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Please use this identifier to cite or link to this item: http://hdl.handle.net/10204/5850

Title: Trends in anthropogenic mercury emissions estimated for South Africa during 2000-2006
Authors: Masekoameng, KE
Leaner, J
Dabrowski, J
Keywords: Mercury emissions
Coal combustion
Coal consumption
Hg emissions
Power plants
Global change
Issue Date: Aug-2010
Publisher: Elsevier
Citation: Masekoameng, KE, Leaner, J and Dabrowski, J. 2010. Trends in anthropogenic mercury emissions estimated for South Africa during 2000-2006. Atmospheric Environment, vol. 44(25), pp 3007-3014
Series/Report no.: Workflow;6933
Abstract: Recent studies suggest an increase in mercury (Hg) emissions to the global environment, particularly as a result of anthropogenic activities. This has prompted many countries to complete Hg emission inventories, based on country-specific Hg sources. In this study, information on annual coal consumption and Hg-containing commodities produced in South Africa, was used to estimate Hg emissions during 2000-2006. Based on the information, the UNEP toolkit was used to estimate the amount of Hg released to air and general waste from each activity; using South Africa specific and toolkit based emission factors. In both atmospheric and solid waste releases, coal-fired power plants were estimated to be the largest contributors of Hg emissions, viz. 27.1 to 38.9 tonnes y1 in air, and 5.8 to 7.4 tonnes y1 in waste. Cement production was estimated to be the second largest atmospheric Hg emission contributor (2.2e3.9 tonnes y1), while coal gasification was estimated to be the second largest Hg contributor in terms of general waste releases (2.9e4.2 tonnes y1). Overall, there was an increase in total atmospheric Hg emissions from all activities, estimated at ca. 34 tonnes in 2000, to 50 tonnes in 2006, with some fluctuations between the years. Similarly, the total Hg emissions released to general waste was estimated to be 9 tonnes in 2000, with an increase to 12 tonnes in 2006.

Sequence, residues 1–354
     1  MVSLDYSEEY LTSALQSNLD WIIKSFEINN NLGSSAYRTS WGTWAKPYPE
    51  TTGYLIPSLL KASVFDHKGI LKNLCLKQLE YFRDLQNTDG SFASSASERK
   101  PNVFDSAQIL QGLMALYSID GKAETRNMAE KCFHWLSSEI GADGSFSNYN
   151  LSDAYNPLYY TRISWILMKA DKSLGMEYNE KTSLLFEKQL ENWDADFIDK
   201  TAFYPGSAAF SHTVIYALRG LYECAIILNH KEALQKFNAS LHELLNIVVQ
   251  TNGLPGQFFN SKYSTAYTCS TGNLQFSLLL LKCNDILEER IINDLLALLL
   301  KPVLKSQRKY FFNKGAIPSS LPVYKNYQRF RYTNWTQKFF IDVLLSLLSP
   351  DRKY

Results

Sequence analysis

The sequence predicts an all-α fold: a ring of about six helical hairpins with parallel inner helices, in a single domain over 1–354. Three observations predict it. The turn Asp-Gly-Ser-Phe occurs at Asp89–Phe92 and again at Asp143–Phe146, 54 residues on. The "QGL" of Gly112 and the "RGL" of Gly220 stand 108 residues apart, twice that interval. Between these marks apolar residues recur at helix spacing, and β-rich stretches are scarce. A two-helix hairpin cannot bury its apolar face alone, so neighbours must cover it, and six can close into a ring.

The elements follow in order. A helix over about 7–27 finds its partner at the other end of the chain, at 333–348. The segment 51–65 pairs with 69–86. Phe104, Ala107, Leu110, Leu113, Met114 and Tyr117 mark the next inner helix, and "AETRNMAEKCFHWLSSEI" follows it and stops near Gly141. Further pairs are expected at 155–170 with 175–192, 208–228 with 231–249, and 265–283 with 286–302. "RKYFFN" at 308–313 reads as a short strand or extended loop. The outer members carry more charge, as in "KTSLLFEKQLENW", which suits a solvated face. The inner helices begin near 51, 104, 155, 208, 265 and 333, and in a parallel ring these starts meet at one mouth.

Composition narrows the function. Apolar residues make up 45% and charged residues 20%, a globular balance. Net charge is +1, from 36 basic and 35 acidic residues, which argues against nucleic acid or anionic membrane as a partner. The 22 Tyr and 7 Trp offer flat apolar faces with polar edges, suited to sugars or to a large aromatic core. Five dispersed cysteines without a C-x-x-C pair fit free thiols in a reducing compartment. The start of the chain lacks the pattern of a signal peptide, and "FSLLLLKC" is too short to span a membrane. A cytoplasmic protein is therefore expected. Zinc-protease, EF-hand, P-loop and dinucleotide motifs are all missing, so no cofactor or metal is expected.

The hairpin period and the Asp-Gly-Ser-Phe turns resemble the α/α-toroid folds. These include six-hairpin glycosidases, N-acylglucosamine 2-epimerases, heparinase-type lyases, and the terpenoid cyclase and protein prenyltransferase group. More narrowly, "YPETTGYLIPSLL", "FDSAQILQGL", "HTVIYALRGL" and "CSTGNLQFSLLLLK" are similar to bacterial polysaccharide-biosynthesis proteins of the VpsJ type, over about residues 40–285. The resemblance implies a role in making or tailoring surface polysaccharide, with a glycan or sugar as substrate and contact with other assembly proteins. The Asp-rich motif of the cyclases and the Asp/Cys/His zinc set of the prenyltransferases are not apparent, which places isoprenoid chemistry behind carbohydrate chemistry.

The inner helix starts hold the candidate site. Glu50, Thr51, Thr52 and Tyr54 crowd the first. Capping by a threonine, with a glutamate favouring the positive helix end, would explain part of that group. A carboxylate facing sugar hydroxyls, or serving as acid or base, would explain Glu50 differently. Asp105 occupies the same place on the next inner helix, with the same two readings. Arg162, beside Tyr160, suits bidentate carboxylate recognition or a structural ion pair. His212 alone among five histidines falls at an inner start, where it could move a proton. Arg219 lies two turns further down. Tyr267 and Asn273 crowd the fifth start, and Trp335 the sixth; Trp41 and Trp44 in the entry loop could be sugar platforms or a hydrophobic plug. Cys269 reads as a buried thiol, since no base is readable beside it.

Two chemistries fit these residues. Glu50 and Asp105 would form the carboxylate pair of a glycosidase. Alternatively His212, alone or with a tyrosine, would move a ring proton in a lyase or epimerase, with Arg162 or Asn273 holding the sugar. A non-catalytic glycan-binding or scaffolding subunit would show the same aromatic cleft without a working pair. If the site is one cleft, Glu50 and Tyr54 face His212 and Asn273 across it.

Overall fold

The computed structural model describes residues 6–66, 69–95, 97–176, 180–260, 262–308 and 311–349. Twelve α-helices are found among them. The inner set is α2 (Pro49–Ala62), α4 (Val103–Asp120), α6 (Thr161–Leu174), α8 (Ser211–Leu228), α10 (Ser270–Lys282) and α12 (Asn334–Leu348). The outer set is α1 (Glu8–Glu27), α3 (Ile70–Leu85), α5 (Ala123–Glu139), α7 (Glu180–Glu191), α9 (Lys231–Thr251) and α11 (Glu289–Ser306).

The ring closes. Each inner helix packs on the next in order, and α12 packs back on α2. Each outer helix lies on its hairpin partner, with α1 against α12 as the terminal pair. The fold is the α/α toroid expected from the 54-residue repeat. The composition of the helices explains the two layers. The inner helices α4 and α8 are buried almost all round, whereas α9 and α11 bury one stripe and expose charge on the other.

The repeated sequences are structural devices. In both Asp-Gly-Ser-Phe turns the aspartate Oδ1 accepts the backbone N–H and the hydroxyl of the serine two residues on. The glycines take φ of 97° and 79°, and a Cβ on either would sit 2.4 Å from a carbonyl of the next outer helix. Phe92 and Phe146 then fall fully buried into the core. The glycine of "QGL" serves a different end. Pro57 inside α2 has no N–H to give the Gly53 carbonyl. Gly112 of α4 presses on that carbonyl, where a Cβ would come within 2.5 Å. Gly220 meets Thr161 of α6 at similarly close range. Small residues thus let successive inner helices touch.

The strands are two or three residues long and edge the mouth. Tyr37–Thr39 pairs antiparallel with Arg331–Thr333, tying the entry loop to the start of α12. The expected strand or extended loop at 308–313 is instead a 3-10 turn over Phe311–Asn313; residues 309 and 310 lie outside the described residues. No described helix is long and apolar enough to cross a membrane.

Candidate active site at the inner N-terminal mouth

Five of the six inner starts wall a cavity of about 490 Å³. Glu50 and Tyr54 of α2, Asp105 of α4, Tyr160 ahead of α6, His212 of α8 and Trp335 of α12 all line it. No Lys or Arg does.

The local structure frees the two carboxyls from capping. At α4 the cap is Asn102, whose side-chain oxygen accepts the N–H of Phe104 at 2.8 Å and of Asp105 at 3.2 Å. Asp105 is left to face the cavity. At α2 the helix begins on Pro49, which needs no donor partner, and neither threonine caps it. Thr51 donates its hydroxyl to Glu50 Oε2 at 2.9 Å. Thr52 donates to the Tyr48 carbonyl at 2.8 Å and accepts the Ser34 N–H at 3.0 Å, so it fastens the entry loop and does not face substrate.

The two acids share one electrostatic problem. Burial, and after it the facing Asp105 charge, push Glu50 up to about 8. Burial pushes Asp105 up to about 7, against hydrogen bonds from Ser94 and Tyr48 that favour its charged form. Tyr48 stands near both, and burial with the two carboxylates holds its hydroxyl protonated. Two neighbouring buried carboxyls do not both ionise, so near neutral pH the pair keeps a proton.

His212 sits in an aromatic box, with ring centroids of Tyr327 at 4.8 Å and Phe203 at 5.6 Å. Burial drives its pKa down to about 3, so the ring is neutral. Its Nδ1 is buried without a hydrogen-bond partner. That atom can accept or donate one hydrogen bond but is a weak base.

Description: Copyright: 2010 Elsevier. This is an ABSTRACT ONLY.
URI: http://www.sciencedirect.com/science/article/pii/S1352231010003791
http://hdl.handle.net/10204/5850
ISSN: 1352-2310
Appears in Collections:Pollution and waste
Environmental management
General science, engineering & technology
General research interest

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